As stated before, the aim of a task is communication and fluency rather than accuracy. To this end, @neilpma74 notes that it is “important to recognise the value of scaffolding a task with supporting language.” [2.1]

@MarisaC notes that information gaps are limited and aren’t a good task. They seem to be more of a linguistic activity. Instead, opinion gaps and reasoning gaps, instead, are better alternatives. [2.2] Another way to create tasks might be to “problematise something” and create a task around finding the solution [2.3]. @SueAnnan likes to give students a fictional island in which they have to determine infrastructure, society, needs, etc. [2.4]. The communicative skills of negotiation, compromise, describing cause and effect, and more are all present here and authentic communication. Another important aspect of a good task-based lesson is the ability for the student to repeat the task. Conversely, an error that a lot of teachers make is a lack of repetition in the lesson (possible due to time) [2.5].

There is disagreement of how complex tasks should be, not only by #ELTchatters but also by academics. For a brief explanation of the differences between Robinson (2008) and Skehan (1998), please read Geoff Jordan’s comment. It is also important to consider the students: for instance, are they younger learners or presessional EAP/ESP students? Scott Thornbury talks about upping the ante each time (e.g. no notes, different partner, no prep time) to increase complexity through repetitons. Check quote 2.6 for a more thorough discussion [2.6].

A concern about the task-based lesson is how to deal with new emerging language that pertains to solving the task. @neilpma74 responds with a detailed explanation of I.C.E [2.7].

Jane Willis gives six types of TBL tasks here. More tasks might be found in Long, M (2015) Task-Based Language Teaching and Second Language Acquisition.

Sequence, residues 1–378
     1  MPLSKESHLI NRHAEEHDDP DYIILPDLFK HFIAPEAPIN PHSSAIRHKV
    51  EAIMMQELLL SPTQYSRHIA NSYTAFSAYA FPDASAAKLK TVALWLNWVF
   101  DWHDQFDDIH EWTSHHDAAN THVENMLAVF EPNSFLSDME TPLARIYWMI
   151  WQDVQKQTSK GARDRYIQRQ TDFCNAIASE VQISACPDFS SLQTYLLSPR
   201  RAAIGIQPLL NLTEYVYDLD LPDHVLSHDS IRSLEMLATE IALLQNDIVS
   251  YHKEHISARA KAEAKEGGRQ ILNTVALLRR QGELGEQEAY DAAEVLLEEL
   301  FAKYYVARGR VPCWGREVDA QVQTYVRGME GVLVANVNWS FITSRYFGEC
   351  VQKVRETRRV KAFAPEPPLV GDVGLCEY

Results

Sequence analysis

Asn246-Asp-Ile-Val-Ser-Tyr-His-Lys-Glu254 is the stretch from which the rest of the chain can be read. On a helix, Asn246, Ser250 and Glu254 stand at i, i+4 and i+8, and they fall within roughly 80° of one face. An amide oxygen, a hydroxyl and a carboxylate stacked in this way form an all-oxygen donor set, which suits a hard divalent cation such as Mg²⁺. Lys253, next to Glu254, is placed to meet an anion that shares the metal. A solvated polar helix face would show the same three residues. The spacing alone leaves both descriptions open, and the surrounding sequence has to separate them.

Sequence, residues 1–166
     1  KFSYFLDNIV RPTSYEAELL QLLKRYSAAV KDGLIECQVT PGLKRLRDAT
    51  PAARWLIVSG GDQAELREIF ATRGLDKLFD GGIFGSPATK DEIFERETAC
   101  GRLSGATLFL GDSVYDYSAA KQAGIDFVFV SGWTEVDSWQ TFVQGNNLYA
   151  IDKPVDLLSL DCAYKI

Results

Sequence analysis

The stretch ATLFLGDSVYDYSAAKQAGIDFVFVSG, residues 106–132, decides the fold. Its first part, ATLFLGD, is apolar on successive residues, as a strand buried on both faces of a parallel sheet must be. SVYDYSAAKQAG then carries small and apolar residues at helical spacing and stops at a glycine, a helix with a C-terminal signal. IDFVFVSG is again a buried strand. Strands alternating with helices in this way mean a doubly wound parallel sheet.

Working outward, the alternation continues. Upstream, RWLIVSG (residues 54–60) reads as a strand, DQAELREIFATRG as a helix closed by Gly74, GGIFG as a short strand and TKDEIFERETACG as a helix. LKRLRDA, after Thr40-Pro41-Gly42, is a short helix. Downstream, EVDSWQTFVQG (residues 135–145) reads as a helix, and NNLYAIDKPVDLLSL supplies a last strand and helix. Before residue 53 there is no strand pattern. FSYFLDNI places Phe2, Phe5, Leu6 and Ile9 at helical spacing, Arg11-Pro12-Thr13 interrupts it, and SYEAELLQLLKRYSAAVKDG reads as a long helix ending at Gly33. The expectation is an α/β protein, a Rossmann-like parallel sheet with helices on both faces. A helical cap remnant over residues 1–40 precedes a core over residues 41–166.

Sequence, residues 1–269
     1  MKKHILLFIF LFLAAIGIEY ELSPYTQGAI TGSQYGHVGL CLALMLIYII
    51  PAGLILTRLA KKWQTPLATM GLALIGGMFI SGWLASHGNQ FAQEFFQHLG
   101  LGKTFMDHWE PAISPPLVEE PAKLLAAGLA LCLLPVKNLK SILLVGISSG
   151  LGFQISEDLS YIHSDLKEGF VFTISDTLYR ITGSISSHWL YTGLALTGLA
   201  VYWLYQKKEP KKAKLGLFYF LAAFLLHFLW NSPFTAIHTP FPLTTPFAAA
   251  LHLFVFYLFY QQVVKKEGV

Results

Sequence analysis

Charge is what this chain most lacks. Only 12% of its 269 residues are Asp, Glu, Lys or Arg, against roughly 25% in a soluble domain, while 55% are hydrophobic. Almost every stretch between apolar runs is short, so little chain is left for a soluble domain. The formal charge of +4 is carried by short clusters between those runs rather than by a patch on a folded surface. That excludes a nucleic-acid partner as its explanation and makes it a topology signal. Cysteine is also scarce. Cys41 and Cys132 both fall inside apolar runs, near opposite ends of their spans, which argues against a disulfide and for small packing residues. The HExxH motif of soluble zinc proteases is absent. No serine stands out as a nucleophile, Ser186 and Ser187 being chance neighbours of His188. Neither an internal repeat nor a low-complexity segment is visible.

3. Issues and Solutions of TBLT

With the emergence of TBLT, it seems in comparison that PPP is the older but less useful relative. Despite this, PPP is still prevalent in the modern ELT industry. One of the reasons is the prominence of PPP on ITT courses which cements PPP in teachers. Another reason might be the state of the current ELT industry: short teaching hours; low/zero planning hours; low student motivation, and large classrooms simply make the PPP model more accessible than TBLT. @neilpma74 understands that there needs to be a bridge between SLA research and the realities of the ELT industry. He, among other commentors, propose a sort of ‘TBLT Light’ which follows a Task, Teach, Task model. Check quote 3.1 for a more thorough explanation [3.1].

Another aspect of the current ELT industry that opposes TBLT are coursebooks. Coursebooks don’t generally seem to promote TBLT, which might then lead to a lack of teacher knowledge and experience of TBLT. @SueAnnan thought that Cutting Edge had ‘TBL leanings” [3.2]. There was some discussion as to whether Cutting Edge actually has or intended to have TBLT. @MatsSupport notes that in her use, Cutting Edge has a task at the end of a unit which she revolves her teaching around [3.3].

Conclusions

As a teacher, I am given a lot of autonomy in my class. However, this comes at the expense of little to no guidance in my practice. I, as well as other teachers I’m sure, can feel like lesson planning can sometimes be a shot in the dark and praying for good results on the day. I am particularly pleased with this chat because despite studying it before, TBLT has become more demystified and accessible. Moreover, I am glad that the disconnect between SLA research (which may sometimes assume the ideal classroom? perfectly motivated students; ideal class size; adequate resources, etc.) and the realities of the various ELT classroom  was addressed. As a former proponent of PPP due to classroom circumstance, the suggestion of ‘TBLT light’ is something I am keen to implement into my class.

Further Links

 

 

 

 

Credits

Title Image: http://www.tblt.org/